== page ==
For many clinicians working in obstetrics, fetal medicine and genetics, termination seems to be the rational, obvious, decisive “solution” when a diagnosis of a lethal or life-limiting malformation is made before birth.
Following a diagnosis of a life-limiting condition, many parents are shocked and confused. They find themselves in a painful and emotionally charged situation that they had never imagined. They ask themselves “How do responsible parents act in this situation?”. As a result they are frequently open to implicit suggestion and manipulation from professionals, and many parents opt for an abortion, at least in part because of explicit or implicit pressure from health professionals.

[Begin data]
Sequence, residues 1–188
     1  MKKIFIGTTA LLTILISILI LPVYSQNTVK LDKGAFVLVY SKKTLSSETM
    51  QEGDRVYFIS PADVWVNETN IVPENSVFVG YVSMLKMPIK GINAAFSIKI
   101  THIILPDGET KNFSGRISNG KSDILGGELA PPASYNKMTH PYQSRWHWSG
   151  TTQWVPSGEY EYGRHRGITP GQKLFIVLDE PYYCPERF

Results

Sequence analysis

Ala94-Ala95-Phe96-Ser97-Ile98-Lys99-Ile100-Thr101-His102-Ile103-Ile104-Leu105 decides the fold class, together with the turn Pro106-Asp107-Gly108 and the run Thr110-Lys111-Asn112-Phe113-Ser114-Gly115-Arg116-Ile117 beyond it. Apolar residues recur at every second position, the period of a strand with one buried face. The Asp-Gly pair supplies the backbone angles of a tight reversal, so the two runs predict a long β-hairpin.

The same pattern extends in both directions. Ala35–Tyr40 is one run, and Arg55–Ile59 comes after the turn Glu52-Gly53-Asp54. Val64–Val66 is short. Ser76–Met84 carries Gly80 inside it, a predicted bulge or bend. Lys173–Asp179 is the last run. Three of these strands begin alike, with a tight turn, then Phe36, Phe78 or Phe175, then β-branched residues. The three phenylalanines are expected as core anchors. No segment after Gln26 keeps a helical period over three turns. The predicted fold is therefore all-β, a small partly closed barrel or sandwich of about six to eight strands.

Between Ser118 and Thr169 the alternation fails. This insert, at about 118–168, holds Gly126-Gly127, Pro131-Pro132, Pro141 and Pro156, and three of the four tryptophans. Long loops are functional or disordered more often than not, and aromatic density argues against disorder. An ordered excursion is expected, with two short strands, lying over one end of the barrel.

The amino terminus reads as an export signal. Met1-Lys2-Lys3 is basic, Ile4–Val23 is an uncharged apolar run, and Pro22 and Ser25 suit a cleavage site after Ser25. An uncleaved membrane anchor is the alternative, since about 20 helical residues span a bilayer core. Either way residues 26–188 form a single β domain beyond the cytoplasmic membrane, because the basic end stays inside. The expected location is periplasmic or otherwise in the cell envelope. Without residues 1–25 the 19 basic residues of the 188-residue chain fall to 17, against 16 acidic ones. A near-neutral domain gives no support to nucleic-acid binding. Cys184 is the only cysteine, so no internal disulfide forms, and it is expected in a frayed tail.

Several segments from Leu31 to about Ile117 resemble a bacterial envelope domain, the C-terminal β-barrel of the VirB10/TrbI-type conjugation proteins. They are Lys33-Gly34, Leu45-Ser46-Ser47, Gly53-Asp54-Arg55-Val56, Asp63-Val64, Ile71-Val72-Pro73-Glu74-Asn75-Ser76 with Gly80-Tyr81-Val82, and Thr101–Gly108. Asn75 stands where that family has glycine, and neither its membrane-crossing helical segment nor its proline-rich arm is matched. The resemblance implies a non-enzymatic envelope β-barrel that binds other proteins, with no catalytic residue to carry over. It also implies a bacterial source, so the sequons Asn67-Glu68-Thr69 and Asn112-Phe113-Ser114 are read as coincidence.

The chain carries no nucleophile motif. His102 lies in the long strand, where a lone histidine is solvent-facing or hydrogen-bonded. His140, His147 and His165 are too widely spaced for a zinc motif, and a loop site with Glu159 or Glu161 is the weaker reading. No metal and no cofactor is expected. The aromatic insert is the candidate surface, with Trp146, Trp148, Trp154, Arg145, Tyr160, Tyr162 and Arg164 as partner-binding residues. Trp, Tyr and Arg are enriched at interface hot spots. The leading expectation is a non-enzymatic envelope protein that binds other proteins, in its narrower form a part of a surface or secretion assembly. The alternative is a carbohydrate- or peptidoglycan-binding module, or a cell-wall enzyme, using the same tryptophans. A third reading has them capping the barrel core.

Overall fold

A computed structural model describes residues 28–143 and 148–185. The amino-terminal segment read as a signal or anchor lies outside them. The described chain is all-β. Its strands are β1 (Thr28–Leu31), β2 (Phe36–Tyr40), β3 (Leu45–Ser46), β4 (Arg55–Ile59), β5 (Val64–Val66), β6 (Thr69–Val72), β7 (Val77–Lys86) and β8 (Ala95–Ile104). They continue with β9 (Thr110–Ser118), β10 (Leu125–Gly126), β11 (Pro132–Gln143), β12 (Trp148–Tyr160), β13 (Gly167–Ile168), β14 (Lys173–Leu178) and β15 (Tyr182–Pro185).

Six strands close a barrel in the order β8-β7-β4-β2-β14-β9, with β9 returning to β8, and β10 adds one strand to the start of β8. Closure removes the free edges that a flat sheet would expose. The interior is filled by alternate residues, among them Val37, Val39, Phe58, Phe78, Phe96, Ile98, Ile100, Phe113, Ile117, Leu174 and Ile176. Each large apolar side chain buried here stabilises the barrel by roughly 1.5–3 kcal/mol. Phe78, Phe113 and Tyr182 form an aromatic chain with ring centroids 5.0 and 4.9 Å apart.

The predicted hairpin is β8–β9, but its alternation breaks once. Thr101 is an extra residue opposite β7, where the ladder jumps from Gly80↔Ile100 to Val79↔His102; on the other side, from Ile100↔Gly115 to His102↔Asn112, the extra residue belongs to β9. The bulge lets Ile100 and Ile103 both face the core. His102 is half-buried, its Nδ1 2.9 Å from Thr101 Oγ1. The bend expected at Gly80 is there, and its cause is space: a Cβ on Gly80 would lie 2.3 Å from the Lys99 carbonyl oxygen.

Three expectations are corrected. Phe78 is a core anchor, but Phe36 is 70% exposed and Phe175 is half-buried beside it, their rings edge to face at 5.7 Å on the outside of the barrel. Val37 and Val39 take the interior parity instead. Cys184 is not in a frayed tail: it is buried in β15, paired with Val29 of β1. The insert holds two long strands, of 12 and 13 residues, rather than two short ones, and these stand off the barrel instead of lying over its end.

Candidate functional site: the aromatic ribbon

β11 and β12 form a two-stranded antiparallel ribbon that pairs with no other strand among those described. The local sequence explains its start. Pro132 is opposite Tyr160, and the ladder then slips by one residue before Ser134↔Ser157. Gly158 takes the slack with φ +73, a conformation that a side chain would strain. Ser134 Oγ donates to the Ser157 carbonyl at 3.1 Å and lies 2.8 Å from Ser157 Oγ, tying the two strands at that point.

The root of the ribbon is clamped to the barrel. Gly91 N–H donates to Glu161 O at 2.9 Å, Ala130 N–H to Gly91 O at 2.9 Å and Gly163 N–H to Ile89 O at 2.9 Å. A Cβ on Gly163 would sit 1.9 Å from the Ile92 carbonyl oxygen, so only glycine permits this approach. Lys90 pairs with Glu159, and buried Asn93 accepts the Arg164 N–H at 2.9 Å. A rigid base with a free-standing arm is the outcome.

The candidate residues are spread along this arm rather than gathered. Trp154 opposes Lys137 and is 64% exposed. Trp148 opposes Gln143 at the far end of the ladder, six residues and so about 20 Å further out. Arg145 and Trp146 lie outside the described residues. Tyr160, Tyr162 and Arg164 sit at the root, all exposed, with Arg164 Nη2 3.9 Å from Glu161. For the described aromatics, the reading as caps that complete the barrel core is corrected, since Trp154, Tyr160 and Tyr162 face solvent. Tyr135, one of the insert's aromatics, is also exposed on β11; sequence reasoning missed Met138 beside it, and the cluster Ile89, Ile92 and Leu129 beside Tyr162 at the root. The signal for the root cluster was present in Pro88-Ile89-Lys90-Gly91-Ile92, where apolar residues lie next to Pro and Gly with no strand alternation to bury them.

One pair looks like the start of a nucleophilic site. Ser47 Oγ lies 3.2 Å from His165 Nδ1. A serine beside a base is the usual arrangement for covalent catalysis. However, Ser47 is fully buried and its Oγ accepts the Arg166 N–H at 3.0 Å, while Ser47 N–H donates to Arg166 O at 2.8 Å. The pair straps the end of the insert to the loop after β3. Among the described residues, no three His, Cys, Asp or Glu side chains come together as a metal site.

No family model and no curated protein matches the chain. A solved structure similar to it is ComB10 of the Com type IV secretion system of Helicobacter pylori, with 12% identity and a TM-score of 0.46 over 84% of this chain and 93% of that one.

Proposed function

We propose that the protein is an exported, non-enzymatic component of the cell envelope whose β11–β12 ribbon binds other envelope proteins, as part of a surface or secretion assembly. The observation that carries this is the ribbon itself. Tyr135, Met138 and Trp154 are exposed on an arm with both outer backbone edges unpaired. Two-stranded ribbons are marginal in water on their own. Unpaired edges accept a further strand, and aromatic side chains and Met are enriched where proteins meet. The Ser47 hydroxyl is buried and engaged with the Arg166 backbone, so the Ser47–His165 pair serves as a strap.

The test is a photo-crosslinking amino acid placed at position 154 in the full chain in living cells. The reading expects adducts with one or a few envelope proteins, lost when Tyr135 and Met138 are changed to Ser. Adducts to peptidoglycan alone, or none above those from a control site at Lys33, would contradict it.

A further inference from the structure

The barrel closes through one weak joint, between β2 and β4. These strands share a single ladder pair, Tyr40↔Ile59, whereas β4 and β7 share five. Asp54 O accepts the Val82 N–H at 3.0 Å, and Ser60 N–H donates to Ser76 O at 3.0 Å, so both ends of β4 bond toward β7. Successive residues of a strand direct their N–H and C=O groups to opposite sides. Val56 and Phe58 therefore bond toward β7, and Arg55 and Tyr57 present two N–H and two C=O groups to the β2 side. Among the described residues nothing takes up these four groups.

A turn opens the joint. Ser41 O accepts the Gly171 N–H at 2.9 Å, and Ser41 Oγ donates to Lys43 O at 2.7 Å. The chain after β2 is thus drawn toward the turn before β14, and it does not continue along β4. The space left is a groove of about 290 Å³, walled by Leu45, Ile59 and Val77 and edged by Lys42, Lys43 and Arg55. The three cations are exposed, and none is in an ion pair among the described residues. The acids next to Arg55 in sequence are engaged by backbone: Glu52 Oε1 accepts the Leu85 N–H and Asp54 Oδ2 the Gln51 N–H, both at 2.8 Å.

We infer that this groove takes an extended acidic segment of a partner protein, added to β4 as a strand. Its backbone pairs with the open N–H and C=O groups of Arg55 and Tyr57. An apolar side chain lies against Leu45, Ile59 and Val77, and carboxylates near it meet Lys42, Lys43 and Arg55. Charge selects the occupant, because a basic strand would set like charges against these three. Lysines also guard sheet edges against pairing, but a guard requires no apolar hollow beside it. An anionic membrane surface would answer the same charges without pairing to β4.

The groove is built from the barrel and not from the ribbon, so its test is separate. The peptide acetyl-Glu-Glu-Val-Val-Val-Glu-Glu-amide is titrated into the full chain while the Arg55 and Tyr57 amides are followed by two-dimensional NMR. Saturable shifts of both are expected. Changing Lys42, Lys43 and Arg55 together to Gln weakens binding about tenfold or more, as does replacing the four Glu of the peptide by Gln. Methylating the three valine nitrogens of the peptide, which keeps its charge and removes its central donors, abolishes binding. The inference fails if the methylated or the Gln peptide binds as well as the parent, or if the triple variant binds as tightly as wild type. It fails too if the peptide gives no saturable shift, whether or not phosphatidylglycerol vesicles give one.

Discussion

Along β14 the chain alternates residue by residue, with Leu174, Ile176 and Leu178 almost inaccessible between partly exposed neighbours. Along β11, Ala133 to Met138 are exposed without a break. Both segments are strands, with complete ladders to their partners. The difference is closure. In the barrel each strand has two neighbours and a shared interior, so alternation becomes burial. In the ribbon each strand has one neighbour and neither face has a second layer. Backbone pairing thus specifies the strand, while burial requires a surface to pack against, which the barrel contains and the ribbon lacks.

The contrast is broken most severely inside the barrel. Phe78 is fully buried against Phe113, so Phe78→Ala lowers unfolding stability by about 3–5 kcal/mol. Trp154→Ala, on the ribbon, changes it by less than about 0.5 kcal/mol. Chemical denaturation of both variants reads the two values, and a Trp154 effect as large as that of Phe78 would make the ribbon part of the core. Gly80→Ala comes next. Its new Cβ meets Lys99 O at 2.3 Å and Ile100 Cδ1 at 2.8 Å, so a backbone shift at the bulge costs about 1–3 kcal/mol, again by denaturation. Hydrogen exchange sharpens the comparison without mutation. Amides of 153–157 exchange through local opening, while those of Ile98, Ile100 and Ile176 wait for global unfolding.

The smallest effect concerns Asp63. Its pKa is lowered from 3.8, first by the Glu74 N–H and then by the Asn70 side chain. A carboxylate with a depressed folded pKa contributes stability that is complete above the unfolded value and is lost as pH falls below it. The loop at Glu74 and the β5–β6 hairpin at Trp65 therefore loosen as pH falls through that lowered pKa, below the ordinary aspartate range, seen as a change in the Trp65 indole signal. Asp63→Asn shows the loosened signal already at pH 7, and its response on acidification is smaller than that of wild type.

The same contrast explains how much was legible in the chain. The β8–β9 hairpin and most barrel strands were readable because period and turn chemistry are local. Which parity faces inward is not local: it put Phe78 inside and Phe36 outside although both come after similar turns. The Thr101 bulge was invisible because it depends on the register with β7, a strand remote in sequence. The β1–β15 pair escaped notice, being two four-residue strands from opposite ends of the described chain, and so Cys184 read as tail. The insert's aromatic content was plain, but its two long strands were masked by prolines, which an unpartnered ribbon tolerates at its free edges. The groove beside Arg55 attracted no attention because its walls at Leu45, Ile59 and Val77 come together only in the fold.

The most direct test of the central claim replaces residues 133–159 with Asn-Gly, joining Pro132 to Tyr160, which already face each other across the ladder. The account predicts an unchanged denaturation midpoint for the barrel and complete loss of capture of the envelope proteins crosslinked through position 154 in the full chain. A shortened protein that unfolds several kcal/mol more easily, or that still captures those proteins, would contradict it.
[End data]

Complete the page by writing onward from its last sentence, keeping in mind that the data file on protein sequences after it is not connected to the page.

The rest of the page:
However, over the last decade there has been a growing realisation amongst health professionals in the UK that termination of pregnancy is not the only viable option following the antenatal diagnosis of a life-limiting malformation…
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